It’s been five years since “Breaking Bad” ended and that Skyler hate is still real. Actress Anna Gunn has learned to live with the backlash to her character on the AMC series, as the wife of meth lord Walter White (Bryan Cranston).
“It was very bizarre and confusing to us all,” Gunn told Entertainment Weekly when the “Breaking Bad” cast and creator Vince Gilligan recently reunited for an interview in honor of the show’s 10th anniversary. “It was a combination of sexism, ideas about gender roles, and then honestly, it was the brilliance of the construct of the show. People did find a hero in Walt, but they wanted so much to connect with him so viscerally that to see the person who often was his antagonist — therefore the show’s antagonist in a way — they felt like she was in the way of him doing whatever he wanted to do, and that he should be allowed to do what he wanted to do.”
Gunn added that the haters’ constant criticism was “very tough” on her.
“It shook me,” she said. “As an actor, my job is not to always play characters who make everybody happy. That’s not interesting. In fact, characters that are more difficult in a way are more interesting. But when you are on a show that has become that big and people are identifying you so much with somebody that they dislike, you can’t help but feel like you get folded into it.”
“I really felt for Anna, because she’s just such a beautiful human inside and out, and she played Skyler in such a fierce way, and people just dragged her character the most,” Aaron Paul, who played Jesse Pinkman, said. Cranston added: “It baffled me from an objective standpoint.”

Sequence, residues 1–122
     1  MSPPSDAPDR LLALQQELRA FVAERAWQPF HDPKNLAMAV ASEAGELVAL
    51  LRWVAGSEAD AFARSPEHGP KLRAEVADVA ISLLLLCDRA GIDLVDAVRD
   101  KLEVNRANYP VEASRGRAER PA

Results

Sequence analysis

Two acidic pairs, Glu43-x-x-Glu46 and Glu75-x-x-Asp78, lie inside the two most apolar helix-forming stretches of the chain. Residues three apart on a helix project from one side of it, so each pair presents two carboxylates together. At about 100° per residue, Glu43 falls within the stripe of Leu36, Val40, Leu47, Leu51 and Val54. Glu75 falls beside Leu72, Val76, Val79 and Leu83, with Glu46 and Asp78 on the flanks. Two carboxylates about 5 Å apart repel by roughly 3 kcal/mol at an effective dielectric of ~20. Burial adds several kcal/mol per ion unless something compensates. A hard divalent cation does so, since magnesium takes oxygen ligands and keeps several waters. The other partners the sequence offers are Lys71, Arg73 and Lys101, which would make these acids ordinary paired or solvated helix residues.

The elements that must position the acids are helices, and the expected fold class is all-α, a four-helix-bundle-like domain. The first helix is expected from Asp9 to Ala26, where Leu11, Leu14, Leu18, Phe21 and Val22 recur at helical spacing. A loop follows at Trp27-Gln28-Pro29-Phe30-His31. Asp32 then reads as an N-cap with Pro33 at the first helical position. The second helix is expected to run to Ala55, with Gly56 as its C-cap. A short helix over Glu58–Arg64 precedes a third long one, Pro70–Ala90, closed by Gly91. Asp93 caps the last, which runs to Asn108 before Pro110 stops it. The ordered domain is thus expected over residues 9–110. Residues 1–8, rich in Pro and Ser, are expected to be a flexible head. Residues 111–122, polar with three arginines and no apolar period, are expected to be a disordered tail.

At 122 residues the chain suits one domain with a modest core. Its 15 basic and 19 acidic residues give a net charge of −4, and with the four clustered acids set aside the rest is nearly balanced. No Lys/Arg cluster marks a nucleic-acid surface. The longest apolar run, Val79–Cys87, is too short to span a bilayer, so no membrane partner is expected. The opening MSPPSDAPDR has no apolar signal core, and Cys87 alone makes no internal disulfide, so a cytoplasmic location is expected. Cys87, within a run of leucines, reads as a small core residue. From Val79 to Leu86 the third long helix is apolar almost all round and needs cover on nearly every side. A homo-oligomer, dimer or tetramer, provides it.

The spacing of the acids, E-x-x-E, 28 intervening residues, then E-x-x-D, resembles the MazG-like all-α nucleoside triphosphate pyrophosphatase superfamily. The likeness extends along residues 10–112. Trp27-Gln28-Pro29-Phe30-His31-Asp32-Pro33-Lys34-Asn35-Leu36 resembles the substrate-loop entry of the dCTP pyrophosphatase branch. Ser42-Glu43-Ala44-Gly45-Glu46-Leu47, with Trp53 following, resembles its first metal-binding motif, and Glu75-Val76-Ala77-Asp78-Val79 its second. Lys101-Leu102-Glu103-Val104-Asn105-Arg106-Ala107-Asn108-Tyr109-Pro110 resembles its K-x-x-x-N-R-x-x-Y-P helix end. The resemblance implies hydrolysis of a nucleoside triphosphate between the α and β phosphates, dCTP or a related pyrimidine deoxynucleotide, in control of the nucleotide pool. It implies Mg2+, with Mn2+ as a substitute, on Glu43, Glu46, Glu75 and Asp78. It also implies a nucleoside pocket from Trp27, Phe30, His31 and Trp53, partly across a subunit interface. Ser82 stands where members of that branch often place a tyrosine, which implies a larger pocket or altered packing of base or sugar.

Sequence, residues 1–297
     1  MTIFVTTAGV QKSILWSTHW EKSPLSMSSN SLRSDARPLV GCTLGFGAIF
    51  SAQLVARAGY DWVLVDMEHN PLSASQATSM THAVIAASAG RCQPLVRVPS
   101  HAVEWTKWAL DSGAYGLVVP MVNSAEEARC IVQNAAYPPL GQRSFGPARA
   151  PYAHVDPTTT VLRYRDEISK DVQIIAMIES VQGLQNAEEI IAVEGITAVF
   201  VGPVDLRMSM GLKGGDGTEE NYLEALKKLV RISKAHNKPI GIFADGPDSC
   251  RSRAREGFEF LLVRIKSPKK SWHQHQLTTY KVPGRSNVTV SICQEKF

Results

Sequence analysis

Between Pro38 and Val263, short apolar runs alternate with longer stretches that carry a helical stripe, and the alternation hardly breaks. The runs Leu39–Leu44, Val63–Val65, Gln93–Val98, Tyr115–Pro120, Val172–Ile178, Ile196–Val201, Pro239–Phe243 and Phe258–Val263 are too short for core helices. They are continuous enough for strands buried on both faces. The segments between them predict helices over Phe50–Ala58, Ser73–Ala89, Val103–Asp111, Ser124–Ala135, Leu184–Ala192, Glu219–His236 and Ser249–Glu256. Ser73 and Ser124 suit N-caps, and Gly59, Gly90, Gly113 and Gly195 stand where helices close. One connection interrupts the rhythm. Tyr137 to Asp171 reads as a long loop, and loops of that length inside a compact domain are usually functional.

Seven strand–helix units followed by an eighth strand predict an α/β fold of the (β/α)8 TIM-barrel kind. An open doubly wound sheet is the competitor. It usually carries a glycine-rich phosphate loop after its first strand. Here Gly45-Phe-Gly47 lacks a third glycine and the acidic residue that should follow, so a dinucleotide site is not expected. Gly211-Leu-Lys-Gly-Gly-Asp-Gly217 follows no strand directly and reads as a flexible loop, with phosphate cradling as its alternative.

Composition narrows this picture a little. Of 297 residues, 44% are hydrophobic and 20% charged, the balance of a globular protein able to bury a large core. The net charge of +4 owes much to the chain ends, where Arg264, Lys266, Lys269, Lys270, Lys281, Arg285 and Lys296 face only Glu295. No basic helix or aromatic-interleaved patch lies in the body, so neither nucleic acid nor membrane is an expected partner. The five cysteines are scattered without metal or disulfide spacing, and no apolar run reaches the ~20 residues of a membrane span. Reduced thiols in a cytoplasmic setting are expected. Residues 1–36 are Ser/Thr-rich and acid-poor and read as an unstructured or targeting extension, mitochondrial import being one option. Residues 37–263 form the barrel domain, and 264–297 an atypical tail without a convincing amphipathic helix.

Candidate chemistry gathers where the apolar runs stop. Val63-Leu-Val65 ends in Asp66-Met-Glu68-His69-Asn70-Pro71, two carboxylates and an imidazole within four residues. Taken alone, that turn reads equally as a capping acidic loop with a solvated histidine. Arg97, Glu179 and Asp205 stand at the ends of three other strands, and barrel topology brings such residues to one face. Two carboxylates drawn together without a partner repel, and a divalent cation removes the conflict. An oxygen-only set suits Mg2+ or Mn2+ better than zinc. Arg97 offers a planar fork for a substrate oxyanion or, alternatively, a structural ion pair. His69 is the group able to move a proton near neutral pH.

But Gunn said that backlash — which prompted her to write a 2013 op-ed piece in The New York Times about her own experience with toxic fandom — was “extremely important” in the end.
“There was a lot of questioning: ‘Am I doing something wrong? Am I not serving the character? Am I not serving the story?,'” she continued. “It was extremely important for me to go through, and very powerful for me to learn that people will always have their opinions — and it can be for varied reasons, and that’s fine.”
With time, it’s gotten better, she said.
“Now that the show’s done, it’s kind of amazing how much it’s shifted,” she says. “In particular, women will say — I mean, it still gets me kind of emotional — ‘The journey that she went through…’ They may or may not be aware of the Skyler backlash. That’s incredibly gratifying. It’s men and women who connect with that. There’s been such a shift happening in society and in our consciousness that it’s really landing much more strongly now.”